About the Immigrant and Refugee Mental Health Project (IRMHP)

The IRMHP is a training and capacity-building project funded by Immigration, Refugees and Citizenship Canada. It provides online training, tools and resources to settlement, social and health service providers across Canada to support their work with newly-arrived immigrants and refugees.

 

The IRMHP encourages individuals to participate in the project by:

1.       adding your name to our course sign-up list. we will notify you once course registration is open, as spots are limited. The Immigrant and Refugee Mental Health online course is a free, self-directed, interactive training providing an overview of immigrant and refugee mental health. It provides sample tools, evidence-based strategies and interventions, and innovative practices from across Canada to help offer appropriate services and supports to newcomer client populations. The course will launch fall 2018.

2.       joining the IRMHP community of practice (CoP) discussion board or subscribe to the IRMHP newsletter. These virtual communities allow you to stay up-to-date on events and resources in the sector, network with service providers across Canada, and share promising practices.

3.      participating in the IRMHP monthly webinars, which are open to anyone working with newcomers. They are on a range of topics based on the needs and interests identified by service providers, and offer practical and actionable strategies or resources to support or treat the mental health needs of immigrants and refugees.

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What’s So Special about Canada? Understanding the Resilience of Immigration and Multiculturalism | migrationpolicy.org

Canada has in recent decades occupied a privileged place among the world’s top immigrant-receiving countries. Despite weathering many of the same economic and political challenges that have buffeted support for immigration in other countries—from recession to threats of terrorism—Canada has managed to maintain a consistently positive public consensus around its immigration system.

While Canada has a long history of immigration, since the 1980s policies governing new arrivals have, to a large degree, been tied to demographic and economic considerations. Permanent residents admitted for economic reasons comprised roughly 60 percent of all admissions to Canada over the past five years. Polls suggest that this is in line with public preferences: in a 2011 survey, for example, 69 percent of Canadians thought immigration policy should prioritize nationally relevant education and skills. Canada’s geographic isolation from global conflicts or extreme poverty has safeguarded its selection system from mass arrivals or large-scale unauthorized flows. Furthermore, the diversity of immigrant arrivals to Canada—in  2014, new permanent residents came from nearly 200 countries—has ensured that any conception of “the immigrant” is not reduced to one ethnic, racial, or religious identity.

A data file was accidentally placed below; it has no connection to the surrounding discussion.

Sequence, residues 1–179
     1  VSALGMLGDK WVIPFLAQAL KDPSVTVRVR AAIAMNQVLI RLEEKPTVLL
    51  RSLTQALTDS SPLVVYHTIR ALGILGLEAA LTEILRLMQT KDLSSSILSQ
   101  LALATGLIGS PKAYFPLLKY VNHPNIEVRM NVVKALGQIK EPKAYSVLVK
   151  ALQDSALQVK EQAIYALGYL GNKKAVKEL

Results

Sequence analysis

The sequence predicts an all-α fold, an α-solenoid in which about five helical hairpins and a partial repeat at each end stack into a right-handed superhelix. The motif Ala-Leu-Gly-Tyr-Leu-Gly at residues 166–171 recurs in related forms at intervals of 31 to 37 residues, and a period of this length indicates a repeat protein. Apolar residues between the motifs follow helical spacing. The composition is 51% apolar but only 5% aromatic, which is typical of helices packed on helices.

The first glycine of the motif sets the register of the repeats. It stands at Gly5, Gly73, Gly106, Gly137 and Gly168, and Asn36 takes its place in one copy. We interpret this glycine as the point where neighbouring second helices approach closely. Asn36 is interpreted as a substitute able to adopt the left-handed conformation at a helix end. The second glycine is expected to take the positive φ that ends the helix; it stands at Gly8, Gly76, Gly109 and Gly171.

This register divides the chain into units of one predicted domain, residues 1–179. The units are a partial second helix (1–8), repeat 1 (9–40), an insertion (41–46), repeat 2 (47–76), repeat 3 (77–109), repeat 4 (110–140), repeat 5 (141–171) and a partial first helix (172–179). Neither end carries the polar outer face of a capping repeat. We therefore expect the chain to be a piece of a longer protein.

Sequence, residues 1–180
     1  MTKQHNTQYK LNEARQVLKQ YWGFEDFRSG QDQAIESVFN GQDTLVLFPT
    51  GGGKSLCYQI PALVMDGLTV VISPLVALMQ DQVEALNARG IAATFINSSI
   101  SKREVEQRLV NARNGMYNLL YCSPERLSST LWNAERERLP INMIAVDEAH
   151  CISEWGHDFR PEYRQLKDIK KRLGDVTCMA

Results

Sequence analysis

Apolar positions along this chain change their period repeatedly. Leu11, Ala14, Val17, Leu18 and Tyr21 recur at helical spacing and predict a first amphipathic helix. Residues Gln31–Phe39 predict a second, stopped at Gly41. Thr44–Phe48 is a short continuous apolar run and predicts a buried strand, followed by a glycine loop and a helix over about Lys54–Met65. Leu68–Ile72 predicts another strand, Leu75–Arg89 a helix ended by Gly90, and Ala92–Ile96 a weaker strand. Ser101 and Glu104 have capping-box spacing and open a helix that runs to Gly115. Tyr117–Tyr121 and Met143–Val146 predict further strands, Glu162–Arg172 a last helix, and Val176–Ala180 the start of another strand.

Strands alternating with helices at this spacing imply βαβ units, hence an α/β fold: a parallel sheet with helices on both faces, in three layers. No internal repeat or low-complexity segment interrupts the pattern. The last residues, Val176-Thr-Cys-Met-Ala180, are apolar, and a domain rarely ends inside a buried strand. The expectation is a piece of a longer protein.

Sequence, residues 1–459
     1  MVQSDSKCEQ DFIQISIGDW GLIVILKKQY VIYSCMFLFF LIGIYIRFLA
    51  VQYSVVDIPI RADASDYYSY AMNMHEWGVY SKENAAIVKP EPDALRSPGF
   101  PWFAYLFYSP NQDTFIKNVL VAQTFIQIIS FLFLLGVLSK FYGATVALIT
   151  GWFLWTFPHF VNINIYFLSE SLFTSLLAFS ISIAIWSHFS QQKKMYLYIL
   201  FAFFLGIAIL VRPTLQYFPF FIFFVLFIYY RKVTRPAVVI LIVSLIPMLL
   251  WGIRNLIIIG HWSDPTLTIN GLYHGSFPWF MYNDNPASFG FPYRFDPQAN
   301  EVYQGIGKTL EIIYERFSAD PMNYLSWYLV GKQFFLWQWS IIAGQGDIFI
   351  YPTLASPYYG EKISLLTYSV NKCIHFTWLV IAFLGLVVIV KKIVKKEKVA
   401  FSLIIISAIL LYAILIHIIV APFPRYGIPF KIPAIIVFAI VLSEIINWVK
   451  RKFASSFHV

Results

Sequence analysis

Canadian attitudes sympathetic to immigration and globalized cultural diversity took time—and, arguably, political will—to develop. This Transatlantic Council on Migration report explores the evolution of Canada’s apparently unique attitude toward immigration and diversity by presenting a snapshot of the country’s public opinion polling on immigration, and discussing the matrix of social policies, institutions, and institutional practices that have driven this positive consensus.

Source: What’s So Special about Canada? Understanding the Resilience of Immigration and Multiculturalism | migrationpolicy.org

Health considerations in the Syrian refugee resettlement process in Canada

Abstract

Canada has responded to the humanitarian emergency in Syria by committing to welcome 25,000 Syrian refugees by early 2016. This has been a complex undertaking which required coordination between international organizations, such as the United Nations High Commissioner for Refugees (UNHCR), the International Organization for Migration (IOM) and federal government departments, including Immigration, Refugees and Citizenship Canada (IRCC), the Canada Border Services Agency (CBSA), the Department of National Defence (DND) and the Public Health Agency of Canada (PHAC). Within and across Canada, this initiative has also required the collaboration of provincial and municipal governments, non-governmental organizations and volunteers, including private sponsors, to enable planning for the transition of Syrian refugees into a new life in Canada.

In planning for the reception of Syrian refugees, government agencies did not anticipate major infectious disease threats. However, early findings from Europe and the experience of health care providers who serve other refugee populations suggested that this population may have other unmet health needs and untreated conditions, due to their experience of displacement over the past three to four years. With this in mind, a great deal of planning has been undertaken to address potential challenges to public health. Social services providers and medical interpreters have been enlisted to help Syrians access the health care system and explain their needs. Communities of practice within Canada have responded, both in providing care and in developing and updating tools and resources to support a culturally sensitive and evidence-based approach to screening and meeting the health needs of the Syrian refugees.  Read Article

The European Psychiatric Association Guidelines on Cultural Competency – Summary

The European Psychiatric Association Guidelines on Cultural Competency

EPA guidance on cultural competence training. Schouler-Ocak, M., Graef-Calliess, I. T., Tarricone, I., Qureshi, A., Kastrup, M. C., & Bhugra, D. (2015). European Psychiatry, 30(3), 431-440. doi:10.1016/j.eurpsy.2015.01.012

 

What is Cultural Competency?

  • Cultural Competency as a skillset “that a clinician can employ to understand the cultural values, attitudes and behaviors of patients, especially those whose cultural background differs from that of the mental health professional”